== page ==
In this gear review, I’ll go over the DOD Gunslinger MOSFET Distortion pedal. This pedal has actually become my main live tone. In 2018, for some reason a whole bunch of them were around at a $30 blow out price when they’re normally $99, so I jumped on it. They can still be found around $50 new in some places, the $30 range used.
- It has gain, volume, low and high controls
- It can be powered by 9 or 12 volt (there is some conflicting info on this, the owner’s manual says 12 volt, but most authorized retailer listings say 18v).
- It’s true bypass
Enough About The Specs, Nerd, How Does It Sound?
If you’ll listen to my YouTube demo of it above, it just sounds nasty, but a good nasty. It’s not your mother’s distortion, it’s the distortion that shows up in a leather jacket and scares your mother’s distortion. I’ll caveat this with I’ve only played it at 9v, not 12v since I don’t have a 12v adapter (it didn’t come with one).
The range on the gain knob really doesn’t sweep that far. On minimum, it’s still pretty dirty, but at full gain it’s not overboard. I’d say full gain is still very useable, depending on the output of your pickups. They say running it at 12v gives it more headroom and dynamics, but even at 9v it’s still pretty dynamic. You can roll back the volume on your guitar and it will clean up pretty well. Even at full gain, it’s still pretty articulate and doesn’t turn into mush. BUT, to me, it sounds kind of “unhinged.” By that, I mean it sounds like an amp that’s really pushing its limits and right on the verge of falling apart, but still articulate. I generally use solid state amps as clean pedal platforms live with no breakup at all from the amps, and it even gives off that vibe through them.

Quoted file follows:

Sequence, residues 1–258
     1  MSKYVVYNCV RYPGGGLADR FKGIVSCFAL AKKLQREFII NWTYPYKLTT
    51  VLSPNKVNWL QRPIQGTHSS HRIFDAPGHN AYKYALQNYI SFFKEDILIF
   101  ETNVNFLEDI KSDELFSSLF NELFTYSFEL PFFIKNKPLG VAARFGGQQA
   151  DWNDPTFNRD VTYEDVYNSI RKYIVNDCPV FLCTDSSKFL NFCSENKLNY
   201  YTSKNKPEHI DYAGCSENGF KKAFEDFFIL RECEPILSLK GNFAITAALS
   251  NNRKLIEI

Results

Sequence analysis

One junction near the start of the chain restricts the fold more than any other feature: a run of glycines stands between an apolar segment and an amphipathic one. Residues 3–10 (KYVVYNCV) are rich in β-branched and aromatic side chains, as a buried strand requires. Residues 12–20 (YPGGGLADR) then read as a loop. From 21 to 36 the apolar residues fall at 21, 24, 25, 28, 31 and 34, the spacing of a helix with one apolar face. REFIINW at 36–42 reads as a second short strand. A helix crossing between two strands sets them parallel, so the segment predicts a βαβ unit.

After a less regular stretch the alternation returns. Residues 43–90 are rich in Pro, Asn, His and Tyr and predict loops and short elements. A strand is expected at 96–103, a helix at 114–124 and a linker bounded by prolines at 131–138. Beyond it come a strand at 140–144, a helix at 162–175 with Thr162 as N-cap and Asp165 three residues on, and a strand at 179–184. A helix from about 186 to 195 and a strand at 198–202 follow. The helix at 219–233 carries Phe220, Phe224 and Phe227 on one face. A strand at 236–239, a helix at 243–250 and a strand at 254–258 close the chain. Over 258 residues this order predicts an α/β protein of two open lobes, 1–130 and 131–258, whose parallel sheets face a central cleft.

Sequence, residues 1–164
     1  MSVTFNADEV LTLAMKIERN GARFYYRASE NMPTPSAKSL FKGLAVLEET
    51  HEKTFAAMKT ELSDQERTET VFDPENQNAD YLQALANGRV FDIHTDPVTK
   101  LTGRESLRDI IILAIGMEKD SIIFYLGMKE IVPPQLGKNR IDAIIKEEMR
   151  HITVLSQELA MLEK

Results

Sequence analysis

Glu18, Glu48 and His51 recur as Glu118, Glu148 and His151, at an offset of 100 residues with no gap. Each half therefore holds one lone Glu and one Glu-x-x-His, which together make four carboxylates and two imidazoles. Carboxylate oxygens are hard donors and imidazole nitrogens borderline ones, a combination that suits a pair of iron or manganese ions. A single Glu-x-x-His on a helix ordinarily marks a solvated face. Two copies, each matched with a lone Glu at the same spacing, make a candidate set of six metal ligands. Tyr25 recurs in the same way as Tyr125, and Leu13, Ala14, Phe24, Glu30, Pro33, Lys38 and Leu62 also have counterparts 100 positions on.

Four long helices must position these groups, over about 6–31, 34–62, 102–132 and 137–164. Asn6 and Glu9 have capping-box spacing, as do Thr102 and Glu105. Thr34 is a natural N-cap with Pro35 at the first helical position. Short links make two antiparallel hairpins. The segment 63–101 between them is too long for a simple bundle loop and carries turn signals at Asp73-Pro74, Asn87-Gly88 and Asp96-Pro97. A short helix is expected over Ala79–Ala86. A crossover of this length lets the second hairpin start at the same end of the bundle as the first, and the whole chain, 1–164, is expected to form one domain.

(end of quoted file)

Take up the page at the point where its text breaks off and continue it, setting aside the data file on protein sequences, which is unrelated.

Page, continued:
Playing live I’ll generally just leave the pedal on 75% of the time (running into a clean amp) and use my guitar’s volume/tone knobs/pickup selector to get all the tones I need.
The reason this pedal really shines, especially in a live band context, is it does have a very pronounced mid-range to it. The EQ focus is almost like the final tone you get from boosting an old Marshall with a Tube Screamer. Not the “tightness” of the gain, but the EQ focus. Although there’s no mid-EQ control, it’s still very pronounced and will sit in a mix like the final puzzle piece when you do it correctly. With the 2-band EQ, just like on a lot of vintage Fender amps, to get more mid-range, you lower the low and high controls, to get less mid-range, you increase the low and high controls. Through most of my amps, the best ratio is with both EQ’s on about 6. When I run it through an amp, mic it, and it’s coming through the front of house; I can hear everything I play clearly and it doesn’t step over the vocal or bassist frequencies.
The Bad: It Doesn’t Stack Well
This is honestly my only critique of this pedal; it doesn’t stack with other drive pedals well. I tried it with Tubescreamer clones, Klon Klones, Bluesdrivers, clean boosts, fuzzes, other distortions, etc., it just did not stack well. I tried before and after all the above pedals. It just resulted in too much mid-range, and too much noise. I eventually learned that just using it on it’s own with the gain set to the maximum I would ever need then using my guitar’s volume knob for lower gain tones is the best approach for this pedal.
The Bottom Line
It’s a solidly built pedal, it doesn’t give off the cheap vibe that it’s $30 price tag (at the time) would seem to indicate. Maybe because it was originally $99. Even at the $50 price point you see it at now it’s definitely worth it. With it’s “on-the-verge-of-falling-apart” gain characteristic and mix-friendly EQ focus, it’s like that one reckless friend who can drink everyone under the table, but can clean up enough to invite to a family function.
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